• Censorship/Free Speech

      • Dad wants Wake schools to drop this math program. Now he’s being sued by the company.

        The provider of Wake County’s controversial new high school math curriculum is suing the Cary parent who is leading the fight to get the program dropped from the district’s schools.

        Mathematics Vision Project filed a lawsuit Thursday in a Utah state court accusing Blain Dillard of making false and defamatory statements about the MVP Math program that the company says have harmed its business. The company says it will ask a jury to issue damages against Dillard for his “intentional interference with MVP’s economic and/or contractual relations.”

      • MVP math suing Wake County parent for ‘libel and slander’ after he criticized program

        The company behind a controversial math curriculum being used in Wake County public schools has filed a lawsuit against a Cary parent, accusing him of “libel and slander” and “tortious interference with business relations” after he criticized the program.

        An attorney for the Utah-based Mathematics Vision Project, or MVP, said the company decided to sue parent Blain Dillard after he made “false statements” about the company. Dillard says he is “innocent of all allegations and can defend each and every point made in the summons.”

      • Concerned dad sued: What’s the risk for the rest of us in voicing opinions?

        “When it comes to speaking up at a board meeting, these are public meetings, there’s a reason we have them so the public is able to voice their opinions and voice their thoughts about what’s happening in their school system,” said Nicole Ligon, a professor at Duke Law School.

      • Against Literalism—’The Satanic Verses’ Fatwa at 30

        I said I would try not to focus on the external events surrounding Rushdie’s novel but the content and themes of the book are, in the end, inseparable from what happened after the book was published. Hybridity, irony, and interconnectedness once more, it seems—the fictional and the real intermingling and synthesising to form a powerful defence of openness and civility.

        The Satanic Verses is therefore not only a work of astonishing beauty but also a foundational document in the fight for culture, openness, civilisation, and civility against those who wish to see those things stifled by narrow-minded faith-based puritanism. Salman Rushdie’s life and work remind us of the importance of this battle and the necessity of remaining staunch and unyielding in the task of defending civilisation against its enemies in whatever grotesque permutations they appear.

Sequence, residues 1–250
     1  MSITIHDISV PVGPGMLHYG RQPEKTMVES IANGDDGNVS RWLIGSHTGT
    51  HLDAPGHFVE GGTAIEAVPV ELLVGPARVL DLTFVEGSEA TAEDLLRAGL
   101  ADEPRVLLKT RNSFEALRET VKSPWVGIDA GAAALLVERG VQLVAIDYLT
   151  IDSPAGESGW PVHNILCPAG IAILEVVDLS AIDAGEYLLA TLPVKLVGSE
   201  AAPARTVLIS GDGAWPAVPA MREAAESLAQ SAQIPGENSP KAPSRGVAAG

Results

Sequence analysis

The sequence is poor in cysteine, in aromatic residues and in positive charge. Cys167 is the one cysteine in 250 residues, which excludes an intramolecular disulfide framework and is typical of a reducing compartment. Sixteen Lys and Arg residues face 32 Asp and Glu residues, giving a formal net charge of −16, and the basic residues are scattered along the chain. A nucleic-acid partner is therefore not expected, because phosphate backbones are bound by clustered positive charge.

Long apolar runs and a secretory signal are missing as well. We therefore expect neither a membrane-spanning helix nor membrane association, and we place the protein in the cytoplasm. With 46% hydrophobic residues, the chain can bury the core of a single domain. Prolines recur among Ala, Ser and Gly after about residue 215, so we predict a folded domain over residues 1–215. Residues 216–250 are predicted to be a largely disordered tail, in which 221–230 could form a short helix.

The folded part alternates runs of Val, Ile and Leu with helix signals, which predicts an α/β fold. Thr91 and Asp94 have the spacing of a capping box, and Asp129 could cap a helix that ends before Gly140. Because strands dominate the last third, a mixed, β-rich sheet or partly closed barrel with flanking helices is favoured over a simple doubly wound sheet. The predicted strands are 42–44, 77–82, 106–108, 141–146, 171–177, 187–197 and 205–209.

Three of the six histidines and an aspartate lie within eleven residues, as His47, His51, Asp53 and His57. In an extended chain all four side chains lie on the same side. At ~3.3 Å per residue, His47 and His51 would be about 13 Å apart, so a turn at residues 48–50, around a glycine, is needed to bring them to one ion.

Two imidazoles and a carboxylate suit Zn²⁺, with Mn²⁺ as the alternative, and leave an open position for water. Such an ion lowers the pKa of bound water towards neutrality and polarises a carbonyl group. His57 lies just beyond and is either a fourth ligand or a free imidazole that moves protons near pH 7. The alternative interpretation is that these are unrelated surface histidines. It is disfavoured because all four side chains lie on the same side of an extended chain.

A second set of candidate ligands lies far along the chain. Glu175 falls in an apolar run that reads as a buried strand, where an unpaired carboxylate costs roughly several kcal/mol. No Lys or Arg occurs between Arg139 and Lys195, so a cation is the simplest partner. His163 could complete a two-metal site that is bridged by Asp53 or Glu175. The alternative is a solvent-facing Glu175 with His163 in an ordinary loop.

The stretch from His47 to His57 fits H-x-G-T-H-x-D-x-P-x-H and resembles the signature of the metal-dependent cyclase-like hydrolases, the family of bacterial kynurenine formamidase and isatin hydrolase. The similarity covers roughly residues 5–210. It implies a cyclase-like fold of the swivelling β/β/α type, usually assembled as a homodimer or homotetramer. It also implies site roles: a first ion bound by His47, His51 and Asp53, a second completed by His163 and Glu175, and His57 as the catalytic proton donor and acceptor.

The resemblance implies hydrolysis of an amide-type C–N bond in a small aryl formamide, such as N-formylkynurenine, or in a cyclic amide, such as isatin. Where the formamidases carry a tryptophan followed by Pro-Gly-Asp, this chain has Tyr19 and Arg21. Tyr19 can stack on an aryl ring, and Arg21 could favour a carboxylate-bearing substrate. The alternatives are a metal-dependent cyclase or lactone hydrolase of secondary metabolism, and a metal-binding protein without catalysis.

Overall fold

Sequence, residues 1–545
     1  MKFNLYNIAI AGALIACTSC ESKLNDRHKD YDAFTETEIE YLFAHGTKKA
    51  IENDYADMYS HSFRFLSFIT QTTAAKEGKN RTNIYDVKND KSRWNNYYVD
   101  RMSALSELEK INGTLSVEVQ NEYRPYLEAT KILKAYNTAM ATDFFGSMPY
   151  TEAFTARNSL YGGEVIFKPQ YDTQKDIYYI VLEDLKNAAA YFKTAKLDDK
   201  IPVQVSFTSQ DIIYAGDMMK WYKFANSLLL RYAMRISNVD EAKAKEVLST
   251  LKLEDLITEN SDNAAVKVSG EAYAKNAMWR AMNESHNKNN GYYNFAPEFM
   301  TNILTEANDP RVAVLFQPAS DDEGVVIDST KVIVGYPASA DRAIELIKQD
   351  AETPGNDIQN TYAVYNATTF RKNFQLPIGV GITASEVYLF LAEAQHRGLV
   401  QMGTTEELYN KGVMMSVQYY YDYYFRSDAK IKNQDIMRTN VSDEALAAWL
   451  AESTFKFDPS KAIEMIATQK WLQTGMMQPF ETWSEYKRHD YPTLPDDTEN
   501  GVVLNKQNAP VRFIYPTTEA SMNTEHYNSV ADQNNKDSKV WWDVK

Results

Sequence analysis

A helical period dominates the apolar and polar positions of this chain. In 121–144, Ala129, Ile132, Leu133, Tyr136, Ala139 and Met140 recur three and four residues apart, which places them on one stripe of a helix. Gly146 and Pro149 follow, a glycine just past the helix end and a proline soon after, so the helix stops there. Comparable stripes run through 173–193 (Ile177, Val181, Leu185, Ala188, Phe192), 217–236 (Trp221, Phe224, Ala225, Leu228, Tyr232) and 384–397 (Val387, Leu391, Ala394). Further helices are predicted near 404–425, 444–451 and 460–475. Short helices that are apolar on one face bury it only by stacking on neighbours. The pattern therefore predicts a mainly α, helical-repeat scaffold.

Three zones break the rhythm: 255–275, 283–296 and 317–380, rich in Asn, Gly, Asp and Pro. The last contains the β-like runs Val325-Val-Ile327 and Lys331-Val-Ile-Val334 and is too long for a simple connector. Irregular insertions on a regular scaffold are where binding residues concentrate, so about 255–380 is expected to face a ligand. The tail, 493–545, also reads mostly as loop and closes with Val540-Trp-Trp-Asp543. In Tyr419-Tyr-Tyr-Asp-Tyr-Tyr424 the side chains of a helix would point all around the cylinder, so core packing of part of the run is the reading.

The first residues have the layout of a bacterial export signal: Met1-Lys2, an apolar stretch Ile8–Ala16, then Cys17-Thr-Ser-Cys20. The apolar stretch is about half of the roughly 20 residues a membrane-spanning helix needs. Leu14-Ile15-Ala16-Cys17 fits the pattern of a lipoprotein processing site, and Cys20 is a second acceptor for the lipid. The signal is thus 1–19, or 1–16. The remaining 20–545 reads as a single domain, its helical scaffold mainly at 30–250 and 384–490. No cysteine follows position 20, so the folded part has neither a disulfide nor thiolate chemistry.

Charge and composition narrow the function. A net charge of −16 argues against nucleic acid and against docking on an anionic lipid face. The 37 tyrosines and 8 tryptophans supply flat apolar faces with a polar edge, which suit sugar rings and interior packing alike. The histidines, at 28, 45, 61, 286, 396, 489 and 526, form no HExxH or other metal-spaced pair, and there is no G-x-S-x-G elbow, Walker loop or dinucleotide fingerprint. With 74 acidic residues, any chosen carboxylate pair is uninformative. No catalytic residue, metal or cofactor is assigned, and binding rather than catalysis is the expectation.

• Privacy/Surveillance

      • Threesome hookup app 3Fun was ‘a privacy train wreck’

        But it didn’t just leak location. 3Fun also gave away birthdays and private photos too. One other interesting twist: using the copious leaked data, the researchers estimate that 3Fun is a bit of a sausage fest, with men outnumbering women by four to one. So if you were hoping to have two ladies in your threeway, the odds are even less in your favour than you might have expected.

      • Luxembourg joins the fray of countries to probing Amazon’s Alexa recordings

        In case you’ve been living under a rock, it emerged earlier in the year that Amazon was keeping recordings and offering them up for transcription by external contractors. It meant in some cases they had access to crimes being committed, eavesdropped on sexy-times and other things that it would make you hurl if you stopped and thought about it too hard.

        After all the recent shenanigans surrounding voice assistant data and its use, it’s now the turn of the Luxembourg National Data Protection Commission (CNPD) to probe Amazon on behalf of the EU27 1/2.

      • The FBI wants to build a data dragnet on Facebook

        News of the FBI’s interest in Facebook comes in the same week that the president called on social networks to build tools for identifying potential mass murderers before they act. And across the government, there appears to be growing consensus that social networks should become partners in surveillance with the government.

        But so far, as the Journal story illustrates, the government’s approach has been incoherent. On one hand, it fines Facebook $5 billion for violating users’ privacy; on the other, it outlines a plan to potentially store all Americans’ public posts in a database for monitoring purposes.

      • Hearst Magazines Will Target You in Print Based on What You Read Online

        Hearst Magazines is tracking what readers click online and using those behaviors to serve the same magazine subscribers targeted ads in print.

        Called MagMatch, the offering is a product from the Hearst Data Studio and will first go live in the most recent issue of Elle magazine. But the ads could also appear in other Hearst brands, including Cosmopolitan, Esquire, Food Network Magazine and Car & Driver.

        [...]

        Hearst said it’s using first party data, including the buy buttons on which readers click, to inform the offering. While most subscribers aren’t logged on to the websites of Hearst brands, the company anonymously matches their behavior using third parties, Wolrich said.

      • Ring Partnerships With Police Are ‘Troubling,’ Home Security Lobbyists Say